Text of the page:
Nuggets from Seeking and Finding God—Christianity vs. All Religions | thebereancall.org

Dave Hunt

Indeed, so wide is the chasm between Christianity and all the world’s religions that it seems equally clear that Christians will definitely arrive at a different eternal destiny from everyone else. Yes, the various religions differ in the details relevant to the appeasement of their particular god or gods and the methods of attaining to nirvana, moksha, or whatever paradise they may offer. However, they all have in common the belief that their religious goals can somehow be achieved through their own good efforts and/or faithful participation in rituals and sacraments. Whether by yoga or paying off bad karma for the Hindu, or by good deeds for the Muslim (or dying in jihad [holy war] or on the hajj pilgrimage to Mecca), or through appeasing the spirits in African tribal religions and Shintoism, or by meditation techniques to escape desire and return to the void for the Buddhist, or by the sacraments of a supposed Christian church—it is all a matter of self-effort, which the God of the Bible firmly tells us He will not accept as even partial payment for having broken His laws.

The Bible clearly states: “But to him that worketh not, but believeth on him that justifieth the ungodly, his faith is counted for righteousness” (Romans:4:5). Jesus said, “I came not to call the righteous, but sinners to repentance” (Mark:2:17). Paul emphasized that point: “Christ Jesus came into the world to save sinners” (1 Timothy:1:15). The world’s religions, along with the false Christianity that trust in works and sacramentalism, attempt to make a person righteous enough for heaven. In contrast, the Bible says that everyone by very nature sins, must confess it, and must believe the gospel to receive forgiveness of sins and thereby be admitted eternally into the true God’s presence.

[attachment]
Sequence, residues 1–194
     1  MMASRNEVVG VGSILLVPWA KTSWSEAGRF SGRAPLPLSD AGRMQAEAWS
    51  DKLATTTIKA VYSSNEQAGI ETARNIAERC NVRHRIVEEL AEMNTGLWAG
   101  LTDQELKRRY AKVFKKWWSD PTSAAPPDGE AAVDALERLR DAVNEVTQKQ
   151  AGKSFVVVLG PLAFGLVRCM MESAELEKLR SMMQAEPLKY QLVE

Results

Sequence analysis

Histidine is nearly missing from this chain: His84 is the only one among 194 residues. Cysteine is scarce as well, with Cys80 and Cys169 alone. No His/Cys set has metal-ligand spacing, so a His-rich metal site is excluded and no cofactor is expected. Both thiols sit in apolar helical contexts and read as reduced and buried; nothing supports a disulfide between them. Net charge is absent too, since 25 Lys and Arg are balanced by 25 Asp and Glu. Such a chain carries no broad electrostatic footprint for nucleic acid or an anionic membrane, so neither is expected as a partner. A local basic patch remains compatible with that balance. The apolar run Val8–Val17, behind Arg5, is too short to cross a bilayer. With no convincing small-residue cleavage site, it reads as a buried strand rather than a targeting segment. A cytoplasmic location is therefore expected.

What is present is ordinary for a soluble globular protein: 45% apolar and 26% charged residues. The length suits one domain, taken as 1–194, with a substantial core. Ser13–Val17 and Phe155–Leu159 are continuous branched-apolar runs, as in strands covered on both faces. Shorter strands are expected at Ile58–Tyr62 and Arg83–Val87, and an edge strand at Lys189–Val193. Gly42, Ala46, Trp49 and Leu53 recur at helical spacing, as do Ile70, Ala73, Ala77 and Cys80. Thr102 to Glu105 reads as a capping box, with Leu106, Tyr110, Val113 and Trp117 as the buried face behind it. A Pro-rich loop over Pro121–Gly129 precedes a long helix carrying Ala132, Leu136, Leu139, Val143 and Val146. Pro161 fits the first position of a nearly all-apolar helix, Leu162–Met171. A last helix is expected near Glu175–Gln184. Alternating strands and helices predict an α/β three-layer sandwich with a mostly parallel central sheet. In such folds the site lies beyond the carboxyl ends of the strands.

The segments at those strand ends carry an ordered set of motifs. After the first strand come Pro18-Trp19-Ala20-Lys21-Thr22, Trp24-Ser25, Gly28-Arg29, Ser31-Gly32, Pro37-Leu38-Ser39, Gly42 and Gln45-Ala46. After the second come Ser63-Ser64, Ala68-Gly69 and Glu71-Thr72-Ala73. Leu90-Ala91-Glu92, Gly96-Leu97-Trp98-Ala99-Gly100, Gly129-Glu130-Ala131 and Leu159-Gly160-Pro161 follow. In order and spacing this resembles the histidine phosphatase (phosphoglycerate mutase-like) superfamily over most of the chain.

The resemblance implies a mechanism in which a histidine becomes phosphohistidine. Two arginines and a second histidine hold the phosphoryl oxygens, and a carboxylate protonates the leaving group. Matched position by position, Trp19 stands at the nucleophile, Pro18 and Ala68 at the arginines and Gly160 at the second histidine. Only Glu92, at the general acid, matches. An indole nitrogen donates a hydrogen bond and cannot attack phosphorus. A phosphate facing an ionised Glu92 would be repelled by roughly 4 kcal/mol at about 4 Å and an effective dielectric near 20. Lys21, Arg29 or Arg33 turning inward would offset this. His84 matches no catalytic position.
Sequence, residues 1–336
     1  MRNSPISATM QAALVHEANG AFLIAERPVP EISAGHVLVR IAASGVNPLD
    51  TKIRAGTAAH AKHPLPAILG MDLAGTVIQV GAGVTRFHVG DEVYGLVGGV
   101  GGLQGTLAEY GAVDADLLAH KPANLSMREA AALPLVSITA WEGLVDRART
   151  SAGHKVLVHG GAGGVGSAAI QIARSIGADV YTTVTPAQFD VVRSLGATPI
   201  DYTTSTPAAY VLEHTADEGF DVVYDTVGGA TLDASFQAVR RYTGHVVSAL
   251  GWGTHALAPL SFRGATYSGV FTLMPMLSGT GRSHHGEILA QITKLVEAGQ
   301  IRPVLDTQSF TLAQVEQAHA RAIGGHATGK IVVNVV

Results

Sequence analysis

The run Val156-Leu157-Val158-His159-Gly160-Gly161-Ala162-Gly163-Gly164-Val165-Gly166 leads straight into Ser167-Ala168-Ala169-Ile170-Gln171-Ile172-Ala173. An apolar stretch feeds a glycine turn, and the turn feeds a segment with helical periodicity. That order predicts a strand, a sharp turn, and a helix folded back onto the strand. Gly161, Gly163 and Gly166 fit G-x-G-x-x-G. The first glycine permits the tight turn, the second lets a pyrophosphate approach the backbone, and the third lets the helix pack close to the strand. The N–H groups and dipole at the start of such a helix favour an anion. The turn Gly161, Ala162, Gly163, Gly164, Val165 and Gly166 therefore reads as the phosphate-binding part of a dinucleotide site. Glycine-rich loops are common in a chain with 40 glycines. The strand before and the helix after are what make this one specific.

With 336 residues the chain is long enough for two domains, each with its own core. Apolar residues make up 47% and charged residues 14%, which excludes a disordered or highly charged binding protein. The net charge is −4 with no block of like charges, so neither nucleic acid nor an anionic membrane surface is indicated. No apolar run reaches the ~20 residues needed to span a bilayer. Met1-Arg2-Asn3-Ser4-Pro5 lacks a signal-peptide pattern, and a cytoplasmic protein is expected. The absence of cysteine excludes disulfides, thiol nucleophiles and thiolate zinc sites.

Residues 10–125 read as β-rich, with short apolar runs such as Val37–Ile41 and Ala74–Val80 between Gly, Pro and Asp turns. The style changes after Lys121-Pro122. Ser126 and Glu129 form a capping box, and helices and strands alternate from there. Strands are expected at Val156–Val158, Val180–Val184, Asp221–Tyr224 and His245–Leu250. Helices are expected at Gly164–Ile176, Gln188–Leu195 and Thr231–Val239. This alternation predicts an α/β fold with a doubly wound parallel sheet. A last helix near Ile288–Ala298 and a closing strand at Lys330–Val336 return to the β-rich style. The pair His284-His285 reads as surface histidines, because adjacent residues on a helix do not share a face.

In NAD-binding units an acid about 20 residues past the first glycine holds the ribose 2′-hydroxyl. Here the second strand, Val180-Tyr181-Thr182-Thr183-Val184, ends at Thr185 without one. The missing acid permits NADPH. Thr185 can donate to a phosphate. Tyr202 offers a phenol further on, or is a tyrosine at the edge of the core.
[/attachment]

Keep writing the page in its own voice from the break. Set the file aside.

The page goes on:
Biblical salvation is by faith, and faith necessarily involves that which is unseen. It is not faith to believe in that which is present in visible form. Faith reaches out to the unseen world of the spirit and the eternal. And right here we encounter a major problem with ritual and sacraments: they attempt a moral rescue of the unseen and nonphysical spirit and soul of man with physical and visible ceremony. That won’t work. 

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